And so, whether I’m afraid of disappointing others, or getting ‘too weird’, or being totally misunderstood, or fearfully wondering if I will even make it through the mess of this day (if I don’t, I suppose it will prove the critics right, I am in over my head), I’m learning that all that anxious thinking is at best unproductive and at worst massively destructive.

Why do I mess with fear?  Why is it so hard to punch it in the face and just get over it?

It recently occurred to me that of my closest circle of friends in elementary school, I am the only one with children.  The others are doing marvelous, meaningful and glamorous things with their lives.  Yet, it struck me afresh that what will last is the life we build.  Our ideas and art and efforts will endure a season or two or five, but children carry the spirit of life into the next generation, to a place I will never go.

This crazy work of cleaning up goobery faces, waiting out tantrums, matching 8 million socks again, and clearing mold specimens out of the containers at the back of the fridge, is all for a greater purpose: life beyond me, life beyond here.

And that’s the dream we have, essentially: Life, abundantly; life free in Jesus.

Honestly, I don’t know where our story is going, but how can I be afraid of a dream like that, a dream that is woven through scripture like a perfect golden thread?  There’s no fear in that, only victory.

A Great Work

Over the last few seasons we have had folk we love share their concerns over our choices.  Our choices are wacky and uncomfortable and seemingly unwise; though no one calls any of our choices sin, they feel a sense of gravity about the ‘direness’ of our situation.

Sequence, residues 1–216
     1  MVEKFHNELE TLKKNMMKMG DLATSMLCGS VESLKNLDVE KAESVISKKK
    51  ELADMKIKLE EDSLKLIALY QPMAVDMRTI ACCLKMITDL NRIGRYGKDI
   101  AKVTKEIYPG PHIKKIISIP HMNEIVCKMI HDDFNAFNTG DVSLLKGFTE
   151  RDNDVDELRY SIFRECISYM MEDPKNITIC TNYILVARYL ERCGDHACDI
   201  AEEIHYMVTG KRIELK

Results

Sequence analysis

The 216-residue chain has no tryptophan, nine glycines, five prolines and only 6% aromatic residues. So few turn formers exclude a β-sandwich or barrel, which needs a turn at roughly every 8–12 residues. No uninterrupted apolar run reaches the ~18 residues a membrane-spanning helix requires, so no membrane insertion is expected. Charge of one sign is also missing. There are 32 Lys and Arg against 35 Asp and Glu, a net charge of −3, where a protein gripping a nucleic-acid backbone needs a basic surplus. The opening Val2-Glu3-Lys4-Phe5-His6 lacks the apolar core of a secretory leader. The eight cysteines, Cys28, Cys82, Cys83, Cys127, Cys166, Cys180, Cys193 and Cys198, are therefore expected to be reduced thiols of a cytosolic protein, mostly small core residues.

Imagine, choosing life is now considered reckless.

Our life is too different, too full of children, too sheltered, too unconventional, too free from culture-junk.

We have had meetings and chats and conversations to address our nutty, ‘problematic’ thinking.

How can I justify to men what our upside-down God has called us to do?  We certainly aren’t walking this out perfectly, but I’m pretty sure Noah looked like an idiot too, and he was actually amazing.

I suppose I am in good company.

Nehemiah, too, refreshes me.  I love this story where he goes about the immense task of rebuilding the ancient wall around Jerusalem.  He is busy working away, filling in the gaps, all the while crammed with vision, and commissioned by God to work at this huge and thankless task.  He is all mission, all focus.

And then these guys say to him, “Come, let us meet together…”

{They don’t want him to work on the wall!}

So, I sent messengers to them, saying, “I am doing a great work, so that I cannot come down.  Why should the work cease while I leave it and go down to you?”

But they sent me this message four times [even a letter with false accusations]…  Then I sent to [them], saying, “No such things as you say are being done, but you invent them in your own heart.”

For they were trying to make us afraid, saying “Their hands will be weakened in the work, and it will not be done.”

Now therefore, O God, strengthen my hands…

Oh, yes, I am doing a great work and I don’t have time to converse and convince others about what God has asked me to do.

These hearts that we are growing in this atmosphere of faith and hope are full of the light of their Heavenly Father; this is radical holy work.

The grueling days of hard, hot, heavy work stretch out before me like a seemingly endless wall, where I fit one humble pebble at a time into the gaps, trusting that this business is the work that God prepared in advance for me to do.

Now therefore, O God, strengthen my hands!